An image grab from Hezbollah's Al-Manar TV shows Hassan Nasrallah, the head of Lebanon's militant Shiite Muslim movement, giving a televised address to mark the eighth anniversary of the 2006 war with Israel on August 15, 2014
An image grab from Hezbollah's Al-Manar TV shows Hassan Nasrallah, the head of Lebanon's militant Shiite Muslim movement, giving a televised address to mark the eighth anniversary of the 2006 war with Israel on August 15, 2014 © - - Al-Manar/AFP/File
An image grab from Hezbollah's Al-Manar TV shows Hassan Nasrallah, the head of Lebanon's militant Shiite Muslim movement, giving a televised address to mark the eighth anniversary of the 2006 war with Israel on August 15, 2014
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AFP
Last updated: September 16, 2014

Israel sees mass Hezbollah incursion in future fight

A future war with Lebanon's Hezbollah could see the Shiite militant group cross the border in strength and seize Israeli territory, a senior officer said in comments widely reported by Israeli media Monday.

The Jerusalem Post quoted the unidentified officer as saying that Hezbollah had learnt much about ground tactics from Syria, where it has fought alongside President Bashar al-Assad's forces in the three-and-a-half-year-old civil war.

"Hezbollah’s confidence is growing, along with its combat experience in Syria," it quoted the officer as saying.

"The battlegrounds of Syria have enabled Hezbollah to upgrade its capabilities. Hezbollah plans to send many combatants into Israeli territory near the border and seize it."

Israel and Hezbollah fought a devastating war in 2006, which killed more than 1,200 people in Lebanon, mostly civilians, and some 160 Israelis, mostly soldiers.

Since then the border has remained largely quiet, but in February Israeli warplanes attacked targets inside Lebanon for the first reported time since the 2006 conflict and Hezbollah vowed revenge.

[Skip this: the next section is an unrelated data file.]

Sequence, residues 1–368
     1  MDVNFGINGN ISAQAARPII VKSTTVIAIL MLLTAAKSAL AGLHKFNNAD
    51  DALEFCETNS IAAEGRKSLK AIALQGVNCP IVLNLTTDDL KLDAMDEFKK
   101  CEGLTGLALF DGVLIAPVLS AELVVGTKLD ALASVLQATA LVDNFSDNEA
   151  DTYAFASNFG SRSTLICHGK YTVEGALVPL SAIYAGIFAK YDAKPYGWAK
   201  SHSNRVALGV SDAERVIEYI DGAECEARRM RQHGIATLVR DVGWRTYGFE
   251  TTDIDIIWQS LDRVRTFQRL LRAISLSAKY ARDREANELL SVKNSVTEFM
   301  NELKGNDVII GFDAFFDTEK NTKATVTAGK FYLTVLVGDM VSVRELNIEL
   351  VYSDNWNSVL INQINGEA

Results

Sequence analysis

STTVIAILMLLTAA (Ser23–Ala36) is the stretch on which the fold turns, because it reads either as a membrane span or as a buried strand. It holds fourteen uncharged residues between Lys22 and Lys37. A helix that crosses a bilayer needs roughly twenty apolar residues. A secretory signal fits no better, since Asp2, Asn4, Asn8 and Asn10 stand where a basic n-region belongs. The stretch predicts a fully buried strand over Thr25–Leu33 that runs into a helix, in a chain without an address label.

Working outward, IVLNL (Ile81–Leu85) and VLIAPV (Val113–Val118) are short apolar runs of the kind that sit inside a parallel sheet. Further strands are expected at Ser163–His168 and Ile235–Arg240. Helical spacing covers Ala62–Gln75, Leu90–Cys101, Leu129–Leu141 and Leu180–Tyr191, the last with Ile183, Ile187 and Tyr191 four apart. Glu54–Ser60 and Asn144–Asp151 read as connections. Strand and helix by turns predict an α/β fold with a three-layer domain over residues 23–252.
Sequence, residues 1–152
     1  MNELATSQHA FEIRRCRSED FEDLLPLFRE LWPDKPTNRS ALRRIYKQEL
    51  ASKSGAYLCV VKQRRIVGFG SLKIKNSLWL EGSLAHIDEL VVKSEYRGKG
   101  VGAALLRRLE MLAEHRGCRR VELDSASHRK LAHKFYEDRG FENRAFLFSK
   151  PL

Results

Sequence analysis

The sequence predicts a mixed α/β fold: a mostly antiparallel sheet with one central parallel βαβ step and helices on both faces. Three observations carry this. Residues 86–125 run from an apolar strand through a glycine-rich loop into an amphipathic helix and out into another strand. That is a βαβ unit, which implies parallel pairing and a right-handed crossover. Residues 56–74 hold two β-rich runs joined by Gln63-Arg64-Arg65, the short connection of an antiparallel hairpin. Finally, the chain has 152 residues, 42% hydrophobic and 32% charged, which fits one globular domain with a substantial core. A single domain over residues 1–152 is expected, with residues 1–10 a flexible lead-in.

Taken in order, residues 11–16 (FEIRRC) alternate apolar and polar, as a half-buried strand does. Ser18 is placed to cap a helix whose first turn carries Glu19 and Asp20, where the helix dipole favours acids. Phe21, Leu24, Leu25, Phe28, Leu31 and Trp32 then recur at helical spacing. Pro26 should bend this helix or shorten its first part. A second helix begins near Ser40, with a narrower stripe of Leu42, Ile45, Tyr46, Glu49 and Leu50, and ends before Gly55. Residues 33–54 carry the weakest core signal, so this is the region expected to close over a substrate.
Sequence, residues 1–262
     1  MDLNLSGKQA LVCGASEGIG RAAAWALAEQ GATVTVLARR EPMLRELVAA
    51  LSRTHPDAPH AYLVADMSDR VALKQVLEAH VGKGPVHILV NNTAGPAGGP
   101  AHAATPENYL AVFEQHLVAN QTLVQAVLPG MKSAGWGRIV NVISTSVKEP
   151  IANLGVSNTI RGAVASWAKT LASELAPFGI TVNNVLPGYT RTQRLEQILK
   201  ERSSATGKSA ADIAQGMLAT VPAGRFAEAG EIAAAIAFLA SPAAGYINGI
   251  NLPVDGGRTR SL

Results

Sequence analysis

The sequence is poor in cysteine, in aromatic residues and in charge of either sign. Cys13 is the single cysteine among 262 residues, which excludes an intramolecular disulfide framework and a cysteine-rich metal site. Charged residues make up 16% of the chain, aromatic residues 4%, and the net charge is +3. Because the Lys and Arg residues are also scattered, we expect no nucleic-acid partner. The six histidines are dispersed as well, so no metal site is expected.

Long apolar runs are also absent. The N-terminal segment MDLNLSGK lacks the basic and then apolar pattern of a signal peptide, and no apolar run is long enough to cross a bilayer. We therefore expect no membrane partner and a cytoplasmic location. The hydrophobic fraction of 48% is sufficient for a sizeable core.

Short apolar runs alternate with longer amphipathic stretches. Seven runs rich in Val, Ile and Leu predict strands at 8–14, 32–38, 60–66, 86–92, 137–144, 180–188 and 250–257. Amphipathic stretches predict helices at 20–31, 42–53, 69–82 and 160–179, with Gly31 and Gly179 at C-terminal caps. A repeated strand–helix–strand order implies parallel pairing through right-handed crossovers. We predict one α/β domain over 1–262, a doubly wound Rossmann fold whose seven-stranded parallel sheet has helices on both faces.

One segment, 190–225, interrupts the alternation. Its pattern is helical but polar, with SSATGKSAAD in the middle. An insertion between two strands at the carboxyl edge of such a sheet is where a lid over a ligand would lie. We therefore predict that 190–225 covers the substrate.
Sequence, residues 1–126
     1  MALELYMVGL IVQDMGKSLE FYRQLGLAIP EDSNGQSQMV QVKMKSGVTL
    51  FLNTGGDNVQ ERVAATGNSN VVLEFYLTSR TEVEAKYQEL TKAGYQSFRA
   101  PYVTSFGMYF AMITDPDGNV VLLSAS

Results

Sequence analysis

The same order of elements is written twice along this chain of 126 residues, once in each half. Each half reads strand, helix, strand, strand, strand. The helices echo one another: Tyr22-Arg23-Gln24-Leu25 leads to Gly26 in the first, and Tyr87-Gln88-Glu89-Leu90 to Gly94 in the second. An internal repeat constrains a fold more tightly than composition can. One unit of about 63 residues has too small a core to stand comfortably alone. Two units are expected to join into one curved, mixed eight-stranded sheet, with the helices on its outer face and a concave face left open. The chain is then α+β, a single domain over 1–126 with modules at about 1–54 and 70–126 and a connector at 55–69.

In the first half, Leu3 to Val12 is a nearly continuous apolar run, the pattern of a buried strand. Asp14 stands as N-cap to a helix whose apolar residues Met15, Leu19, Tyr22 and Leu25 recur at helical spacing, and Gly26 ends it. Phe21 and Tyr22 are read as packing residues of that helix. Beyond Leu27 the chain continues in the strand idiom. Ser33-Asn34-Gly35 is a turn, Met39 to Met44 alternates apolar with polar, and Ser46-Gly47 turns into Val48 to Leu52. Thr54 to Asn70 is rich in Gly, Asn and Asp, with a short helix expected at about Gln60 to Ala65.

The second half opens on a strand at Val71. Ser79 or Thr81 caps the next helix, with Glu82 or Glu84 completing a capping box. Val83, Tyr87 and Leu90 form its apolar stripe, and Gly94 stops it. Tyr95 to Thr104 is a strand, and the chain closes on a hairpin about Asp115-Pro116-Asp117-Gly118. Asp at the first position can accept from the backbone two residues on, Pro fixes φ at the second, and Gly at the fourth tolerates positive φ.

Monday's reports, based on a briefing to Israeli defence correspondents, said that although another confrontation did not appear imminent, it was inevitable sooner or later.

Army spokesman Major Arye Shalicar told AFP that the military was prepared for any threat from Hezbollah.

"We are ready for any challenge. We are observing... what's going on," he said. "We are ready and it's not worth it for them, it's not worth them even trying it."

Shalicar said that since 2006 the Shiite movement had re-established itself in the frontier region.

"In more than 200 villages in south Lebanon, they've built up a lot of strength, with all kinds of weapons, all kinds of missiles of varying range," he said.

"All of their money is flowing in various directions to an offensive capability which, among other things, includes about 100,000 rockets of various types, most of them from Iran and Syria.

"You don't get yourself 100,000 rockets for nothing. It would seem there's a reason behind it and it's certainly not for the good of the people."

The military spokesman's office on Monday distributed photos that it said showed Hezbollah fighters walking in plain sight near the border with Israel.

- Defence spending split -

Some Israeli media linked Sunday's military briefing to a fierce battle inside the governing coalition.

Prime Minister Benjamin Netanyahu and Defence Minister Moshe Yaalon are fighting for a big hike in defence spending against fierce resistance from Finance Minister Yair Lapid.

Shalicar said it was a routine briefing for defence writers.

Veteran analyst Yossi Melman, writing in Maariv newspaper, said the same.

"The briefing was scheduled two weeks in advance, and was held as part of a routine round of briefings that the (military) spokesperson’s office arranges between high-ranking officers... and military affairs correspondents and analysts," he said.

Newspaper Haaretz said Israel was not Hezbollah's most pressing problem and it was more immediately concerned with fighting Sunni extremists, including those of the jihadist Islamic State group, in neighbouring Syria and at home in Lebanon.

"Relations between Hezbollah and the Lebanese army have improved, mainly because of the Sunni jihadist threat from Syria," the paper wrote.

"The two groups joined forces against Islamic State fighters in the town of Arsal in northeastern Lebanon last month," it added.

The town is a mainly Sunni enclave within the Shiite-majority Bekaa Valley region near the Syrian border and saw fierce fighting in August between the Lebanese army and jihadists of both the Al-Qaeda-affiliated Al-Nusra Front and the Islamic State.

The fighting killed 20 Lebanese troops, 16 civilians and dozens of jihadists, who withdrew across the border, kidnapping dozens of Lebanese troops and policemen.

Two of the kidnapped troops have since been beheaded, despite mediation efforts by Qatar.

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